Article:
Handbook
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Draw a circle around the answer to each question.
1. What kind of book tells a story about a talking hippo?
fiction nonfiction
2. What kind of book gives facts about cats?
fiction nonfiction
3. What kind of book would you find in the
reference section?
fiction encyclopedia
Practice
• A library has books. A library has newspapers,
magazines, tapes, and computers, too.
• Books that tell stories are called fiction.
They are arranged in ABC order by the
author’s last name.
• Books that tell facts are called nonfiction.
They are grouped by topic.
• A library has dictionaries and encyclopedias.
They are kept in the reference section.
DEFINITIONS AND FEATURES
Name
Handbook
23
Diagram
• A diagram is a special drawing.
It shows the parts of something.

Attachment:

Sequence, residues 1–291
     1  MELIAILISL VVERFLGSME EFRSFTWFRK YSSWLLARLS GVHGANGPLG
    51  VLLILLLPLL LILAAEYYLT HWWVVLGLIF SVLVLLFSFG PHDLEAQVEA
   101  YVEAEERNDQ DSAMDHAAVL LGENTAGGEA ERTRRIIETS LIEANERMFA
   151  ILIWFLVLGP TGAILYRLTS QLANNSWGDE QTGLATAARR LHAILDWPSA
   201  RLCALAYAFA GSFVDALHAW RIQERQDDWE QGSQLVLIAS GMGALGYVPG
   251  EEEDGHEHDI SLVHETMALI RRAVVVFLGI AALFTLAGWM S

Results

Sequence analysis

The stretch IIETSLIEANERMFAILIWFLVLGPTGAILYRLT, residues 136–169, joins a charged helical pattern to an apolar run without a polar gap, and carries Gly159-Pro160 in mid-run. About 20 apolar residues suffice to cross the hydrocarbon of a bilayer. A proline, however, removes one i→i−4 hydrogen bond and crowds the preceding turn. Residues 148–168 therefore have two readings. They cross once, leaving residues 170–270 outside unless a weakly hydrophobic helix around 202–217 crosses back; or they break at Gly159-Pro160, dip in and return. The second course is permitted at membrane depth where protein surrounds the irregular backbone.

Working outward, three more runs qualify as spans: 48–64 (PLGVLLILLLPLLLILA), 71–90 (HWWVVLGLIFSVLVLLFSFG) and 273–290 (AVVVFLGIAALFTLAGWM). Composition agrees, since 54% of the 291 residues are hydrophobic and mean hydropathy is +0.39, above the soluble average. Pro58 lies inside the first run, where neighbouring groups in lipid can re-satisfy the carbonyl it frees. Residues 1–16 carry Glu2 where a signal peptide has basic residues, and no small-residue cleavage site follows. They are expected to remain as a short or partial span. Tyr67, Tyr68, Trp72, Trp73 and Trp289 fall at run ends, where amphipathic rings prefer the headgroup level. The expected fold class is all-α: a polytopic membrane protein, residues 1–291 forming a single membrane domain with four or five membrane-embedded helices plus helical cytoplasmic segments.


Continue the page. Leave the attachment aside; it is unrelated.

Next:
It can show how something works.
• The title tells what the diagram is about.
• Labels name the parts of the diagram.
DEFINITIONS AND FEATURES
Use the diagram to answer the questions.
1. What is the front of the boat called?
2. What is the back of the boat called?
3. What does the wind blow against?
4. What could you use to keep the boat in one spot?
Practice
Name
Handbook
23
Diagram
• A diagram is a special drawing.
It shows the parts of something.
It can show how something works.
• The title tells what the diagram is about.
• Labels name the parts of the diagram.
DEFINITIONS AND FEATURES
bow
sail
Sailboat
anchor
stern
Mr. Green’s Class
9:00 Show and Tell
9:30 Reading
10:30 Writing
11:00 Recess
11:30 Library
12:00 Lunch
Our Morning
Schedule
Handbook
24
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Use the schedule to answer the questions.
1. What happens at 9:00?
2. What time does the class go to the library?
3. Which comes first, Reading or Writing?